Repurposing the recycled waste of contemporary culture, Scarlett Bowman’s artworks revisit the Duchampian readymade. Brightly hued fragments of discarded materials appear to hover over the off-white composite, as the semi-abstract forms they create develop an autonomous and distinctive visual language. Eschewing their preconceived utilitarian value, the pieces transcend into the symbolic realm.
Through the artist’s re-appropriation of humdrum objects, the compositions simultaneously convey familiarity and strangeness, as well as completeness and provisionality. Candid Magazine‘s Ariane Belisle sat down with Scarlett to talk about her practice, in light of the Procedures & Materials exhibition at Collectionair, until 24th July 2017.
Ariane Belisle: Your abstract reliefs ‘Fragments’ address the materiality that forms contemporary commodity culture. By reappropriating objects from everyday life, utilitarian items become symbolic. How is this idea expressed in your work?
Scarlett Bowman: I have always used readymade utilitarian (often recycled) materials designed for use such as sponges, cellulose cloths, microfiber cloths, stainless steel scourers, ratchet straps, removal blankets, etc. as a way of exploring our material culture. I like to juxtapose the old with the new so for example the recycled ratchet straps which are almost black with dirt stitched together with a brand new neon pink microfiber cloth reeks not only of commercialism, excess and production but also a sense of nostalgia and history. A material that has already had its journey versus a material that is about to embark on its own. By repurposing the selected material from its natural habitat I want to address our dependence on everyday materials and the various modes of production we rely so heavily upon. From online material acquisition to the final work, our daily environment is conditioned and shaped by the efficiency of industrial processes that are hidden from the consumer.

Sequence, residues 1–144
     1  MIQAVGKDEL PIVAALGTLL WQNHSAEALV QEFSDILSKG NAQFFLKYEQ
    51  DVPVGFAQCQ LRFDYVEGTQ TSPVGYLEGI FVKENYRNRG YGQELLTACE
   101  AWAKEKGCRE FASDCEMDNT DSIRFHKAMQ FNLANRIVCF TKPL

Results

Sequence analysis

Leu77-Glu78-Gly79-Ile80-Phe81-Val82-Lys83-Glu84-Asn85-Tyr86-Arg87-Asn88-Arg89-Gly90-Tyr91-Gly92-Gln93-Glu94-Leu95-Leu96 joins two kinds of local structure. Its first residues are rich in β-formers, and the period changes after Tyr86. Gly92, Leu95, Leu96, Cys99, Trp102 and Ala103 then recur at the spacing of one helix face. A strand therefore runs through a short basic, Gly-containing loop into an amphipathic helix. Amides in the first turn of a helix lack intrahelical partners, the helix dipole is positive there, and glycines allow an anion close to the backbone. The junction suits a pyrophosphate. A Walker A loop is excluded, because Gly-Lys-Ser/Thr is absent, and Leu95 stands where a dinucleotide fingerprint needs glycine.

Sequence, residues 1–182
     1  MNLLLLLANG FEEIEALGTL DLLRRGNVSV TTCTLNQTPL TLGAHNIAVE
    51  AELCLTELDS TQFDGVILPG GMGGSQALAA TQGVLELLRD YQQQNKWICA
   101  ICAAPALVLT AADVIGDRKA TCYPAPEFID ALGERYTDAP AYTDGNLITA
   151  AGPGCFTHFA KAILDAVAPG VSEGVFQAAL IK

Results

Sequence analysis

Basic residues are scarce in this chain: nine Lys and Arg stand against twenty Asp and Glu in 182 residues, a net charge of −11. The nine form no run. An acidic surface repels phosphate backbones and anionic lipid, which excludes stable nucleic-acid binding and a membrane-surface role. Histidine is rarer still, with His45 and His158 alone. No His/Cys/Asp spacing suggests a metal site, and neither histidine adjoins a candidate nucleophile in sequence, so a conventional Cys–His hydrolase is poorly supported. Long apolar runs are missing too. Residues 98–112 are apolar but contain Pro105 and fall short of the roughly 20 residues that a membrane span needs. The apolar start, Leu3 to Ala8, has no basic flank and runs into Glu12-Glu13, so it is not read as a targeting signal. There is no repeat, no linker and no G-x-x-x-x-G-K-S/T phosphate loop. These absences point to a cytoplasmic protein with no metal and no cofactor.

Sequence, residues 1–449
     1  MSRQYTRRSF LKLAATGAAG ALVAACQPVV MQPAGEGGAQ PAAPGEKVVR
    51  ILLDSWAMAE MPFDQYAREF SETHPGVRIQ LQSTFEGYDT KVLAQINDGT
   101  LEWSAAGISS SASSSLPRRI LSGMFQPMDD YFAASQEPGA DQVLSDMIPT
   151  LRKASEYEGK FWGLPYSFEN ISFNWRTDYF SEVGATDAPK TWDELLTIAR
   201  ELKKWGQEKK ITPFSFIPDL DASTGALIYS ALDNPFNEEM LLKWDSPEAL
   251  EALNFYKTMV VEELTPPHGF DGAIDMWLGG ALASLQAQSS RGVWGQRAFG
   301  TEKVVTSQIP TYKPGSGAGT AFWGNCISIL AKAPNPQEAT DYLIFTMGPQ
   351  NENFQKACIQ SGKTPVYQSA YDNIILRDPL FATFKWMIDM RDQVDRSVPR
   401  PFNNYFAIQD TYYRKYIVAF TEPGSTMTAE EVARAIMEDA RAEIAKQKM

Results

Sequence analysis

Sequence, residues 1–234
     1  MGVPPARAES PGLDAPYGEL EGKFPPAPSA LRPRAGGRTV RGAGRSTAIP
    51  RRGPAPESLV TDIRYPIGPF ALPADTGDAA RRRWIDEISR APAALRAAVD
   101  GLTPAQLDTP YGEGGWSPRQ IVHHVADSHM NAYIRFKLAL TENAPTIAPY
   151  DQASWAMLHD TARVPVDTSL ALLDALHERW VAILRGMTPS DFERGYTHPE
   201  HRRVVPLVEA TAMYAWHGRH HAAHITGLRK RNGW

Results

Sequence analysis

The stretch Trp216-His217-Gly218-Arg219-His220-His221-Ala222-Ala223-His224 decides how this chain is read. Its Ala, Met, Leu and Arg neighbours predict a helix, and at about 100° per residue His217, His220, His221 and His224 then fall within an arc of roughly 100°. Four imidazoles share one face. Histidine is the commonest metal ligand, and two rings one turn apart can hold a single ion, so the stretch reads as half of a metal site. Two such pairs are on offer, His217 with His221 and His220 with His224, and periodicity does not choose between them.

AB: In your earlier body of work, you playfully rearrange and cast sustainable materials – namely, plastics, latex, composites and textiles – in composite. Could you talk about your process? Does the facture process become the art itself, or are the two distinct?
SB: It always starts with sourcing and acquiring the materials as these essentially dictate the form of the work. In contrast to using readymade material I like to employ traditional craft based processes to explore the physical experience of handling these materials, such as assemblage, collage, casting, and stitch. The medium I suppose dictates which process I will use, some materials can’t be stitched, and some can’t be cast so it’s a case of trial and error. I like the approach to be playful and there is a sense of humour in the way that materials that are designed for high absorbency or extreme weight are totally stripped of their primary function once you remove the selected material from its natural habitat, thus enabling the audience to view it purely as a material.
AB: How important to you is the viewer, as the receiver of your work?
SB: The viewer is always important as they complete the work in a sense. As the maker its often much harder to remove yourself from the work and look at it with completely fresh eyes, but the audience can do this no problem.
AB: Your works seep art historical references, from Arte Povera, to Outsider art, and Collage and Assemblage. Are there any artists you draw inspiration from?
SB: Phyllida Barlow, Sterling Ruby, Sheila Hicks, Eva Hesse.
AB: Your body of work entitled ‘Tapestries’ continues to explore your fascination with materiality. What triggered the shift from composite to textiles?
SB: I had already started casting these fabrics into the composite so removing the composite felt like a natural next step. I wanted to see how the soft materials would hold the space on their own and so increasing the work in scale made sense when working with textiles. Also from a practical point of view they are much easier to store in my studio, which as an artist with a studio-based practice does present its boundaries.
By Ariane Belisle
Scarlett Bowman’s ‘Fragments’ are currently on display in the Procedures & Materials exhibition at Collectionair.